Just as a PC has a default gateway to get to its local router — and therefore to the Internet — many routers and switches also have default routes to access networks that aren't local. Default routes are a special type of route — and an important part of IP routing. Understanding how and when to use default routes is imperative to proper network setup.
Think of a default route as a "gateway of last resort." This special route tells computers or other routers to contact the next hop of the default router if they don't have a more specific route. Without a default route, a router will drop a request for a network that isn't in its routing table and send ICMP Destination Unreachable to the source of the traffic.
Here's a simple example: Our PC has an IP address of 192.168.1.100 and a subnet mask of 255.255.255.0. Let's say we want to talk to a server on the LAN, which has an IP address of 192.168.1.200.
For this, we actually don't need a default route or default gateway configured on the PC. However, as soon as we want to talk to any other device not on the 192.168.1.0 network, we'll need to go to the default gateway/route — for example, one at 192.168.1.1.
When talking about default gateways on PCs and default routes on routers and switches, it's important to differentiate between the two. A PC only connects to the network with a single interface, and it isn't a router; a switch (unless it's a Layer 3 switch) fits into the same category as the PC.
On the other hand, a router — as long as it's really routing and not bridging — has multiple interfaces. It uses a default route to know where to send traffic that isn't on one of the known networks.
Examples of default routes
Many times, people call default routes 0/0 routes because these routes have an IP address of 0.0.0.0 and a subnet mask of 0.0.0.0. This basically says, "For any IP address that has any subnet mask, send it my way."
What does a default route look like in a router's routing table? Here's an example:
Router# show ip route Gateway of last resort is 192.168.1.1 to network 0.0.0.0 C 192.168.1.0/24 is directly connected, FastEthernet4 S* 0.0.0.0/0 [254/0] via 192.168.1.1
Here's what it looks like on a PC:
C:\> ipconfig Windows IP Configuration Ethernet adapter Local Area Connection: Connection-specific DNS Suffix . : IP Address. . . . . . . . . . . . : 192.168.1.105 Subnet Mask . . . . . . . . . . . : 255.255.255.0 Default Gateway . . . . . . . . . : 192.168.1.1
How to obtain a default route
While you can't tell it from the output, we obtained both the default route and default gateway in our examples via Dynamic Host Configuration Protocol (DHCP). There are actually three ways to obtain a default route.
- Configure a static route.
- Receive a default route from another router through a routing protocol (not usually used on a PC).
- Receive a default route via DHCP.
For more information on the differences among the three, check out Cisco's Configuring a Gateway of Last Resort Using IP Commands documentation.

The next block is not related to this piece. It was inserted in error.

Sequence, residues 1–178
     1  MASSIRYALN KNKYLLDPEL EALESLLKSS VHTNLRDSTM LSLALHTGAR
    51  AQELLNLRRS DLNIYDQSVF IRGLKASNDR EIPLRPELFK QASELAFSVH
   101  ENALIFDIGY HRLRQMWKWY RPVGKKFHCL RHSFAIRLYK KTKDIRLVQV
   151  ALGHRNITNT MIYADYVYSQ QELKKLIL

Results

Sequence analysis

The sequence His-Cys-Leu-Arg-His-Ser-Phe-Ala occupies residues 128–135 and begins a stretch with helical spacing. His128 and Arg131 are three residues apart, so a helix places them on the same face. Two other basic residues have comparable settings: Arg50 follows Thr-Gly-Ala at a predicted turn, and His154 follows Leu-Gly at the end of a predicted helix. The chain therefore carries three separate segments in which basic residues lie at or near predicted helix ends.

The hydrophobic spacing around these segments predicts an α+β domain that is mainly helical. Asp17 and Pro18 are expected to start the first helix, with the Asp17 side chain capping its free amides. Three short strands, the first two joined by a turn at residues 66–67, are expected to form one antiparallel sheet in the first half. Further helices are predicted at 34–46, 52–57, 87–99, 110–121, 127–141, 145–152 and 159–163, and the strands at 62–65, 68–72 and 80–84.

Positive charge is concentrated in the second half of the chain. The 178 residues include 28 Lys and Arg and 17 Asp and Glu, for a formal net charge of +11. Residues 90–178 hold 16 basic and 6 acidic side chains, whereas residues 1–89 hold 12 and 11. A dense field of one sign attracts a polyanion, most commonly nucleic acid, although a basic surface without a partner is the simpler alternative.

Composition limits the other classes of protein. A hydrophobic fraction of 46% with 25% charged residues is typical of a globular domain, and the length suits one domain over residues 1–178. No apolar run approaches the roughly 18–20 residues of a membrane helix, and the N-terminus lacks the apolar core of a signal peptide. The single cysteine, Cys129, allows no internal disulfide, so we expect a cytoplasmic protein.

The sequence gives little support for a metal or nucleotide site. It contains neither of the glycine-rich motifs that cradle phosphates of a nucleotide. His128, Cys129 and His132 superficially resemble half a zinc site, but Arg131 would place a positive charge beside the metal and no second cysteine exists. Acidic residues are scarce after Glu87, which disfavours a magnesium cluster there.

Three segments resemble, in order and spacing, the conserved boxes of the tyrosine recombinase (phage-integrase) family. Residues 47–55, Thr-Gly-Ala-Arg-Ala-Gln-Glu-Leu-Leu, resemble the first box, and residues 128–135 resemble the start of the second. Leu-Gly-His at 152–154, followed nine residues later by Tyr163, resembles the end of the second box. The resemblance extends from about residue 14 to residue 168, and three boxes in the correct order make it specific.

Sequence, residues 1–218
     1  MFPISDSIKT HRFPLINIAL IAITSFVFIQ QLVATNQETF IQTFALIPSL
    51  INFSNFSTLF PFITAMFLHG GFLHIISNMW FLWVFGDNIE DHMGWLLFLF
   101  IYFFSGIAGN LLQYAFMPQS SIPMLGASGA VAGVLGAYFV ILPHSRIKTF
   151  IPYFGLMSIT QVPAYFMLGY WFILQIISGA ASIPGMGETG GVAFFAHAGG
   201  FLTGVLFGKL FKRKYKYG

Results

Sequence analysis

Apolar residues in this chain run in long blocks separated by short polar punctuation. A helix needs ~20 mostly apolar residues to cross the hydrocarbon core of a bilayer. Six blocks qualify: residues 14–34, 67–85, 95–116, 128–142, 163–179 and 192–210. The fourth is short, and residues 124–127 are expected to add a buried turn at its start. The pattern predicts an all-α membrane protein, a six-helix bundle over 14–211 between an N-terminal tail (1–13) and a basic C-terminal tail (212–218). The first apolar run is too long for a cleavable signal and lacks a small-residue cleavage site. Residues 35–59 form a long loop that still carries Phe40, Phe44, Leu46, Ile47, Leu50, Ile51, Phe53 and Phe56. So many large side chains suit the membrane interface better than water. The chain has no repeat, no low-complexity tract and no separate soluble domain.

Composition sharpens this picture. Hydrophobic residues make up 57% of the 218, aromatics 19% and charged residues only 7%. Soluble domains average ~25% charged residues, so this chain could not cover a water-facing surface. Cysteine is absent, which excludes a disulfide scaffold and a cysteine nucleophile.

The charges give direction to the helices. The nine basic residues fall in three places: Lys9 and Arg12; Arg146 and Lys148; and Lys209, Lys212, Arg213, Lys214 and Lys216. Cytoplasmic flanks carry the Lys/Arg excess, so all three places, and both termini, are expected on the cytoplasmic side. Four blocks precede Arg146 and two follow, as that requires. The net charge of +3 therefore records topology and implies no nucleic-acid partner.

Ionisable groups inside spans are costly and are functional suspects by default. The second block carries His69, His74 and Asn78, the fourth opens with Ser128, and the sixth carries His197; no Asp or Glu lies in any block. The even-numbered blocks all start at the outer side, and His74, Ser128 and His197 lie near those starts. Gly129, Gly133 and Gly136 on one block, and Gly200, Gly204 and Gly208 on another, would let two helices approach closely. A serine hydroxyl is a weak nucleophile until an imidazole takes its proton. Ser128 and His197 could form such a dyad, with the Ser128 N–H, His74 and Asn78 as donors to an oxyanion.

While you can use the ip default-network command to set a default route on a router, I recommend just creating a static route using the ip route command. Here's an example of configuring a default route on a router or switch:
Router(config)# ip route 0.0.0.0 0.0.0.0 184.108.40.206
Here's what this command says: For all traffic that doesn't go to one of the locally connected networks, forward it to the router at IP address 220.127.116.11. (Of course, the router also has to know how to get to that IP address, so make sure you specify one of your connected networks on one of the router's interfaces.)
How to distribute a default route with a routing protocol
Let's say you want to use your core router to tell all other routers that they should come through this core router if they have any network that they can't access. When it comes to configuring this, each routing protocol is different, so you may want to check Cisco documentation for some help.
For this example, let's use the Routing Information Protocol (RIP). First, we could check out Cisco's Configuring Routing Information Protocol documentation, which offers a couple of options.
In my opinion, our best option is to use the default-information originate command to send a default route to another router. Here's an example (which assumes we've already configured RIP):
Router(config)# router rip Router(config-router)# default-information originate
This sends the default route to all other RIP routers (as shown above in the first example).
How familiar are you with default routes? Do you use them on your routers and switches? How do you distribute default routes to your routers? Share your methods in this article's discussion.
Miss a column?
Check out the Cisco Routers and Switches Archive, and catch up on David Davis' most recent columns.
Want to learn more about router and switch management? Automatically sign up for our free Cisco Routers and Switches newsletter, delivered each Friday!
David Davis has worked in the IT industry for 12 years and holds several certifications, including CCIE, MCSE+I, CISSP, CCNA, CCDA, and CCNP. He currently manages a group of systems/network administrators for a privately owned retail company and performs networking/systems consulting on a part-time basis.